My chicken (Helga) has survived!! After two weeks her skin had fully grown back and there was a scab the size of a ten cent piece (think that might be a dime in America, I'm in Australia, its about an inch) on her neck which is still there now. She seems a hundred percent. She was itching to get out of the bathroom and is now back in the coup with our other chicken, who hasn't pecked at her at all. The injured chicken is definitely the boss and her feathers cover most of the bare skin.

    I am simply amazed, it has been over three weeks now. I really did not think she would recover. She laid eggs the whole time she was in the bathroom and seemed happy. I alternated each day with antibacterial spray and manuka honey ointment. So hopefully she lives a long happy life.
     
  6. ten chicks

    ten chicks Chillin' With My Peeps

    3,290
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    208
    May 9, 2013
    MB,Canada
    Excellent that she is healing,good job on providing emergency care!
     
  7. brkbrkbrk

    brkbrkbrk Out Of The Brooder

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    Jan 31, 2014
    Melbourne, Australia.
    Oh and i should also ad I had no idea of chicken anatomy, when i said breast, i meant back. So the hole was on the top of the neck on her back not her breast and i think the photo i gave as an example was of the side of the chickens neck. I could actually seen into her neck and see the neck bone moving after it happened, it was ghastly.
     
  8. JoycieBoycie

    JoycieBoycie Out Of The Brooder

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    Feb 28, 2016
    Idaho
    I was SO happy to read that your chicken survived!:clap can you tell me what you did and what you used to treat her wound? I have a chicken with a neck wound from the Roo picking at her, he nipped at her neck feather and that caused the skin to tear away when she tried to get away. There is still some skin hanging there, but the wound is pretty much open and I want to treat her the best I can.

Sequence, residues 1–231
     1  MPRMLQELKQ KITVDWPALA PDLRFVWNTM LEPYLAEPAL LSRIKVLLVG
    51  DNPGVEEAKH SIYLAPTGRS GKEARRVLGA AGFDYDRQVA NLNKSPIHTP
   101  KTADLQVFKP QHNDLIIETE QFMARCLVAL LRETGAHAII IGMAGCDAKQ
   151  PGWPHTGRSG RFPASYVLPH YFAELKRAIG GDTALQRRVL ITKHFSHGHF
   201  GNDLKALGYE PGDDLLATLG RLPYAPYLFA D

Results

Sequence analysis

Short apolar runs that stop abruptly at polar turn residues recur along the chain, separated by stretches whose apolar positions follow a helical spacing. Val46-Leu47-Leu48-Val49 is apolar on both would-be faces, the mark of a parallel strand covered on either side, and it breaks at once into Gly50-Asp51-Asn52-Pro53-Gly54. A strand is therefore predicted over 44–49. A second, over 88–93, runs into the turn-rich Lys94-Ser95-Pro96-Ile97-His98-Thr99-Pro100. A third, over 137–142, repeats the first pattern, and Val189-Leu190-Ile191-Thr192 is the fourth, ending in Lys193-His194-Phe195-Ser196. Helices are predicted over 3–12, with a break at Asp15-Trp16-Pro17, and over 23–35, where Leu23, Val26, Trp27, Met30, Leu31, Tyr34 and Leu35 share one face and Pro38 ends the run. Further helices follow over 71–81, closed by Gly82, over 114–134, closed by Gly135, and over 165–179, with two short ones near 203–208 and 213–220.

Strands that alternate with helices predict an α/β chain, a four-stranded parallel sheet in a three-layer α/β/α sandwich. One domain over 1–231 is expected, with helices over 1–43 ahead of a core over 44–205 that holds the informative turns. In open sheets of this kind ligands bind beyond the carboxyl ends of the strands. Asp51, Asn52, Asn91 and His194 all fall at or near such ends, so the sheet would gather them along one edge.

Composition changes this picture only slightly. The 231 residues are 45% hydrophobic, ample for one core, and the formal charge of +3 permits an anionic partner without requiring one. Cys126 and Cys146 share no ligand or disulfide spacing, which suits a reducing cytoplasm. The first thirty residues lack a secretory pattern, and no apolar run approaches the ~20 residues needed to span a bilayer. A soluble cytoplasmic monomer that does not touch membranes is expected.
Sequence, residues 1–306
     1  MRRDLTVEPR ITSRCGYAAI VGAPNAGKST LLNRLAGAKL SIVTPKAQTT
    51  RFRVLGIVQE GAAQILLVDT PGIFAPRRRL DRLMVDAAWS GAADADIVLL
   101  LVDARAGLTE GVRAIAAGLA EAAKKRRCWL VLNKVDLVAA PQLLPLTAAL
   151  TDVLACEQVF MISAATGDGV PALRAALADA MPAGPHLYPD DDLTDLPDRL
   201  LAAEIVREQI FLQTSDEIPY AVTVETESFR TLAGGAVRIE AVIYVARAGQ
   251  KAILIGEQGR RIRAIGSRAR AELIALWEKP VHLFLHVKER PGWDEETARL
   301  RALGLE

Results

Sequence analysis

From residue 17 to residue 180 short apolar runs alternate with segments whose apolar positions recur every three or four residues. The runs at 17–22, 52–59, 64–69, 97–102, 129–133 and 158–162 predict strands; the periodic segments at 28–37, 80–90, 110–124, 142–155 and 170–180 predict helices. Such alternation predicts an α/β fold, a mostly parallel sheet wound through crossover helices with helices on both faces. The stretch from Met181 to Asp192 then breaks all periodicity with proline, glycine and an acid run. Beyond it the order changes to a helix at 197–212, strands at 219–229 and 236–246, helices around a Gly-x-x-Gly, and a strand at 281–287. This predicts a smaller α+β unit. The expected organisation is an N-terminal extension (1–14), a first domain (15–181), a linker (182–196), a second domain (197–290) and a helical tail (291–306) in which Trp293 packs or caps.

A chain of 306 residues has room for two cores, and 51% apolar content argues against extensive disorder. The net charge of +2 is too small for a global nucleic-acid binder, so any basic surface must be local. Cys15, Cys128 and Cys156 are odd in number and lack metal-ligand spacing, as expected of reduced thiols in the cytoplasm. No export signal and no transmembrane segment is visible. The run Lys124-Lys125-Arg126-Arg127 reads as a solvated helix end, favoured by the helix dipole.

9. brkbrkbrk

    brkbrkbrk Out Of The Brooder

    15
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    Jan 31, 2014
    Melbourne, Australia.
    Hi,

    I'm so sorry this is a couple of days late. I hope your chicken is doing ok.

    First I flushed the wound with a mix of water and idodine (called betadine in Australia) as i read to do this somewhere. I then put a Manuka honey ointment (from drugstore, it has antibacterial properties) on the neck bit and around the skin as best i could. I may have flushed it again next day with the water mix, cant remember. You could use an antibacterial ointment like Neosporin - we cant get that in Australia without prescription - hence manuka ointment. i put that on a few more times.

    I then found out about something called Cetrigen, a few days after the incident, its an antibacterial wound spray for animals which also repels insects. After 2 weeks the skin had completely grown back. I sprayed the Cetrigen on a few more times just to be sure.

    I kept her inside as it was summer in Australia and flies were everywhere. I wanted to keep them away from the wound.

    I am happy to say she is still alive and doing great. She is the best chicken. Her friend sadly passed away from an unkown illness a few months later. We got another chicken though.

    Please update me on your chicken. P.S. What is a roo?

    Regards,
    Anna.
     
    Last edited: Aug 5, 2016
  10. brkbrkbrk

    brkbrkbrk Out Of The Brooder

    15
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    49
    Jan 31, 2014
    Melbourne, Australia.
    Omg a roo is a rooster, sorry total mindblank. I was thinking kangaroo hahaa total blonde moment.